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Estimation of myocardial deformation using correlation image velocimetry

View Article: PubMed Central - PubMed

ABSTRACT

Background: Tagged Magnetic Resonance (tMR) imaging is a powerful technique for determining cardiovascular abnormalities. One of the reasons for tMR not being used in routine clinical practice is the lack of easy-to-use tools for image analysis and strain mapping. In this paper, we introduce a novel interdisciplinary method based on correlation image velocimetry (CIV) to estimate cardiac deformation and strain maps from tMR images.

Methods: CIV, a cross-correlation based pattern matching algorithm, analyses a pair of images to obtain the displacement field at sub-pixel accuracy with any desired spatial resolution. This first time application of CIV to tMR image analysis is implemented using an existing open source Matlab-based software called UVMAT. The method, which requires two main input parameters namely correlation box size (CB) and search box size (SB), is first validated using a synthetic grid image with grid sizes representative of typical tMR images. Phantom and patient images obtained from a Medical Imaging grand challenge dataset (http://stacom.cardiacatlas.org/motion-tracking-challenge/) were then analysed to obtain cardiac displacement fields and strain maps. The results were then compared with estimates from Harmonic Phase analysis (HARP) technique.

Results: For a known displacement field imposed on both the synthetic grid image and the phantom image, CIV is accurate for 3-pixel and larger displacements on a 512 × 512 image with (CB,SB)=(25,55) pixels. Further validation of our method is achieved by showing that our estimated landmark positions on patient images fall within the inter-observer variability in the ground truth. The effectiveness of our approach to analyse patient images is then established by calculating dense displacement fields throughout a cardiac cycle, and were found to be physiologically consistent. Circumferential strains were estimated at the apical, mid and basal slices of the heart, and were shown to compare favorably with those of HARP over the entire cardiac cycle, except in a few (∼4) of the segments in the 17-segment AHA model. The radial strains, however, are underestimated by our method in most segments when compared with HARP.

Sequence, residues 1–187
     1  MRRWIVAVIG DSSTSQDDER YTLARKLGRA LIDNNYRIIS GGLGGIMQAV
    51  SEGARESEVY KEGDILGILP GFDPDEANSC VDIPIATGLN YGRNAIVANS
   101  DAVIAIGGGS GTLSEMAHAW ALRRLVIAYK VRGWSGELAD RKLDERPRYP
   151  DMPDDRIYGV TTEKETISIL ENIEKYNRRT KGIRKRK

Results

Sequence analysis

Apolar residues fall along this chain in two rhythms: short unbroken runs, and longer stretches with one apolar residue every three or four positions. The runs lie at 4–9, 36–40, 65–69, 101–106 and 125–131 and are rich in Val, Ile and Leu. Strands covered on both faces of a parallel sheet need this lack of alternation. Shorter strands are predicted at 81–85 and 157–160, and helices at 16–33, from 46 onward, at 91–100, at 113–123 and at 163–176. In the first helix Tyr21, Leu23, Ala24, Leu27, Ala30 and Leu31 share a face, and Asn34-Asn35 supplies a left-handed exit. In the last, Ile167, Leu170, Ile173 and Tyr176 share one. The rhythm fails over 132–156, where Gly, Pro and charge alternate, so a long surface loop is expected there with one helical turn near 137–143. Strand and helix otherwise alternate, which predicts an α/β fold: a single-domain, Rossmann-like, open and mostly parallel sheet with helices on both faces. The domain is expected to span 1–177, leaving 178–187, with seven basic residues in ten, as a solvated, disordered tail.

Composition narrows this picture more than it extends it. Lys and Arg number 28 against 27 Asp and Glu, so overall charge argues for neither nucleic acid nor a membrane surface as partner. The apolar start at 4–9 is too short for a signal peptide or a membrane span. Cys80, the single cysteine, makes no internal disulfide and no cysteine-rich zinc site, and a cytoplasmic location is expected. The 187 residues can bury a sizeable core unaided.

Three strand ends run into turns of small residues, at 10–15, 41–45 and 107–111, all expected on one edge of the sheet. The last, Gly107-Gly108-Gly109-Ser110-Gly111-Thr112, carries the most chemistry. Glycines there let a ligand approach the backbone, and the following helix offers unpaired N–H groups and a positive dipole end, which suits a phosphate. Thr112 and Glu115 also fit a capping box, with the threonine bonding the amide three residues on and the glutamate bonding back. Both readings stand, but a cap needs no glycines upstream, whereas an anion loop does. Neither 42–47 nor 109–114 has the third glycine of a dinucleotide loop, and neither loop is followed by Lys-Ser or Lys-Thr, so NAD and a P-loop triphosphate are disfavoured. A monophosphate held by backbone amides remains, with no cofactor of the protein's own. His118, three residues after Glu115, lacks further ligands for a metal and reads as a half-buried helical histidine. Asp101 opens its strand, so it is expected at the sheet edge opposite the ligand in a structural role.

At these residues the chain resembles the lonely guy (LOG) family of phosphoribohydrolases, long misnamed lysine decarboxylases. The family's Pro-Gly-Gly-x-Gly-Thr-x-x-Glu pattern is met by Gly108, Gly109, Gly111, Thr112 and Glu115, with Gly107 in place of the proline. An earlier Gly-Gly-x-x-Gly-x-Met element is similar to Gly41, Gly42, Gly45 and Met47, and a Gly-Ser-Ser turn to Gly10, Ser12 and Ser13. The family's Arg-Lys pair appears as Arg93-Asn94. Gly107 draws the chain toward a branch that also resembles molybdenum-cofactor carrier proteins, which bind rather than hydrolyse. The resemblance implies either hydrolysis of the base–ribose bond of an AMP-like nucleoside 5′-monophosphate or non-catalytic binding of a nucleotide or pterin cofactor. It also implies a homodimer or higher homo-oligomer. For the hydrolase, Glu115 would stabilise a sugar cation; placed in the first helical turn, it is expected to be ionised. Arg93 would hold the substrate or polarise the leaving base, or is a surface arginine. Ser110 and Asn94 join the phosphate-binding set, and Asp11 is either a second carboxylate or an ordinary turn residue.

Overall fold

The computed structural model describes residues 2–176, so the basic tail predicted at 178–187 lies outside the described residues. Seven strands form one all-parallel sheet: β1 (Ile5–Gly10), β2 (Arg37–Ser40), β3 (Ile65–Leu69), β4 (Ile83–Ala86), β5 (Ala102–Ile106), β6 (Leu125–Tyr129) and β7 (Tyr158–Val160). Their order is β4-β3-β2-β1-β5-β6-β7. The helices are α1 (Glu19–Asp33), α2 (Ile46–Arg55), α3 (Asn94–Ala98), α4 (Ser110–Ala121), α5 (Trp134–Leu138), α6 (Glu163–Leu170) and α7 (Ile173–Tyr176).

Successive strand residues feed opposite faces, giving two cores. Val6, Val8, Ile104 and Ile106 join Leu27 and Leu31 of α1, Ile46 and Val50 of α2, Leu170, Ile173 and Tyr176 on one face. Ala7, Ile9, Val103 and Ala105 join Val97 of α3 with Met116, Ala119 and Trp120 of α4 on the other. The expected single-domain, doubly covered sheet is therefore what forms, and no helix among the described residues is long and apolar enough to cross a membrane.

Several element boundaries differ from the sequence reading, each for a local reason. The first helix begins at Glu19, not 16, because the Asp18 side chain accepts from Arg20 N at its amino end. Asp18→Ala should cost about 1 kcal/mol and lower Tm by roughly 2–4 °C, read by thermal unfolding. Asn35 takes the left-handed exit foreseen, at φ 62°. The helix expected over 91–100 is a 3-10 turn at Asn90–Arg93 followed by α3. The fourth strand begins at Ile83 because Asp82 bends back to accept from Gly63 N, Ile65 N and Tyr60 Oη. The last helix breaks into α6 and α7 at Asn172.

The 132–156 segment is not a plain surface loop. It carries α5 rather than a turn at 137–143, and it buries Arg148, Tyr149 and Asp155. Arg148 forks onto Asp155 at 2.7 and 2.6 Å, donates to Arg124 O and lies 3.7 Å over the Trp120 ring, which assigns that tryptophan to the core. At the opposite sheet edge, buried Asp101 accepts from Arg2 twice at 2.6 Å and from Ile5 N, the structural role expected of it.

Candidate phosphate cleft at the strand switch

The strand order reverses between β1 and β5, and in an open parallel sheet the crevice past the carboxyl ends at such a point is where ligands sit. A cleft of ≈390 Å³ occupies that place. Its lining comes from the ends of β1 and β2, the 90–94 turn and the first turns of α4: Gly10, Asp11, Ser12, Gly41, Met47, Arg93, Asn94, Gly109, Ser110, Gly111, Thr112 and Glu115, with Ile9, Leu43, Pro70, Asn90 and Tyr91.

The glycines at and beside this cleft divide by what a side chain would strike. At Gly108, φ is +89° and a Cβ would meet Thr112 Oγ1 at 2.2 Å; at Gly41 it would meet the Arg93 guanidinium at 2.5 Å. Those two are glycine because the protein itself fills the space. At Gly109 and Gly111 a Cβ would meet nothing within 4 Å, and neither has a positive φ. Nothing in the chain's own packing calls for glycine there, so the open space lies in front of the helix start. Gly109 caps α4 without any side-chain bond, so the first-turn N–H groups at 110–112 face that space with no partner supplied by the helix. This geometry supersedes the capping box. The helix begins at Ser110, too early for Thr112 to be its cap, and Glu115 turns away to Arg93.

Conclusions: In summary, we have demonstrated the capability of CIV to accurately and efficiently quantify cardiac deformation from tMR images. Furthermore, physiologically consistent displacement fields and circumferential strain curves in most regions of the heart indicate that our approach, upon automating some pre-processing steps and testing in clinical trials, can potentially be implemented in a clinical setting.

Electronic supplementary material: The online version of this article (doi:10.1186/s12880-017-0195-7) contains supplementary material, which is available to authorized users.

No MeSH data available.


Errors corresponding to the estimated displacement fields obtained from a CIV analysis of the synthetic grid images with an imposed analytical velocity field. a Error in slope (, defined in Eq. 7) plotted as a function of CB and SB. b plotted as a function of CB and SB. c Error in the horizontal displacement field (eu, defined in Eq. 8) plotted at every pixel location (x,y) for (CB,SB)=(25,55). d Error in the vertical displacement field (ev) plotted at every pixel location (x,y) for (CB,SB)=(25,55). The white lines in (c) and (d) correspond to /du/=3 pixels and /dv/=3 pixels, respectively. The colorbars in (c) and (d) are saturated at an error of 0.2 to bring out the features in the plots clearly
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Fig4: Errors corresponding to the estimated displacement fields obtained from a CIV analysis of the synthetic grid images with an imposed analytical velocity field. a Error in slope (, defined in Eq. 7) plotted as a function of CB and SB. b plotted as a function of CB and SB. c Error in the horizontal displacement field (eu, defined in Eq. 8) plotted at every pixel location (x,y) for (CB,SB)=(25,55). d Error in the vertical displacement field (ev) plotted at every pixel location (x,y) for (CB,SB)=(25,55). The white lines in (c) and (d) correspond to /du/=3 pixels and /dv/=3 pixels, respectively. The colorbars in (c) and (d) are saturated at an error of 0.2 to bring out the features in the plots clearly

Mentions: a 512 × 512 synthetic grid image with grids of dimensions 23 ×23 pixels, bounded by 8 pixels thick white lines. The red horizontal line represents the cross-sectional cut used to estimate the errors shown in Fig. 4a and b. Imposed displacement field: bdu(x,y), the x component and cdv(x,y), the y component, as described by Eqs. (5) and (6). The minimum and maximum values of /du/ are 0 & 11 pixels, respectively; the corresponding values for /dv/ are 0 & 9 pixels